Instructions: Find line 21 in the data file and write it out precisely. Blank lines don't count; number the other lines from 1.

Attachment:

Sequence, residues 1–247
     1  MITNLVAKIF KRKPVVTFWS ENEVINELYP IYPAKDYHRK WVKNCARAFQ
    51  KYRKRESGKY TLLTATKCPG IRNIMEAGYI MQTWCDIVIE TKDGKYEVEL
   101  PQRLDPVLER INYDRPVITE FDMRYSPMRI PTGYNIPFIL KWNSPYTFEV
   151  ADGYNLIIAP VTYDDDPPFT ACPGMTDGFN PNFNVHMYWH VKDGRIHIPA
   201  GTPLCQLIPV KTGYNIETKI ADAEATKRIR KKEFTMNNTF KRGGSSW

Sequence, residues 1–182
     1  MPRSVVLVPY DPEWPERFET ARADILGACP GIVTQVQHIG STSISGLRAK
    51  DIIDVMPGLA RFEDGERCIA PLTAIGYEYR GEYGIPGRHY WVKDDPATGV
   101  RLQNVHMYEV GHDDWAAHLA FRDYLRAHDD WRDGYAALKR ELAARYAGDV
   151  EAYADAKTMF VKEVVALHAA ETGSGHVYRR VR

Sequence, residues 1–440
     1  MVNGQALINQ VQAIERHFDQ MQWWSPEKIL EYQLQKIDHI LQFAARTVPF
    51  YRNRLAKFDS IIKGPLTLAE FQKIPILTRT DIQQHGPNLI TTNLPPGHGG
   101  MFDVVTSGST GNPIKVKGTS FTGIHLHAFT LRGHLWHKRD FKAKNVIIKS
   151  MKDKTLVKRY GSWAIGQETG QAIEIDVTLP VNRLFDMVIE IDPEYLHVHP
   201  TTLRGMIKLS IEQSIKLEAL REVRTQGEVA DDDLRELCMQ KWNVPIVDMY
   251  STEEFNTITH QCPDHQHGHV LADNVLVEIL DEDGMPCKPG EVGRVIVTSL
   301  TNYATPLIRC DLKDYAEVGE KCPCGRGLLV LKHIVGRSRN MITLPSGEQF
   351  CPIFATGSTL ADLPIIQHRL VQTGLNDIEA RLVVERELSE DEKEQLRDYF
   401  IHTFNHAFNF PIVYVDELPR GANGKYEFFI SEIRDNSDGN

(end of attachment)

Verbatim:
   401  IHTFNHAFNF PIVYVDELPR GANGKYEFFI SEIRDNSDGN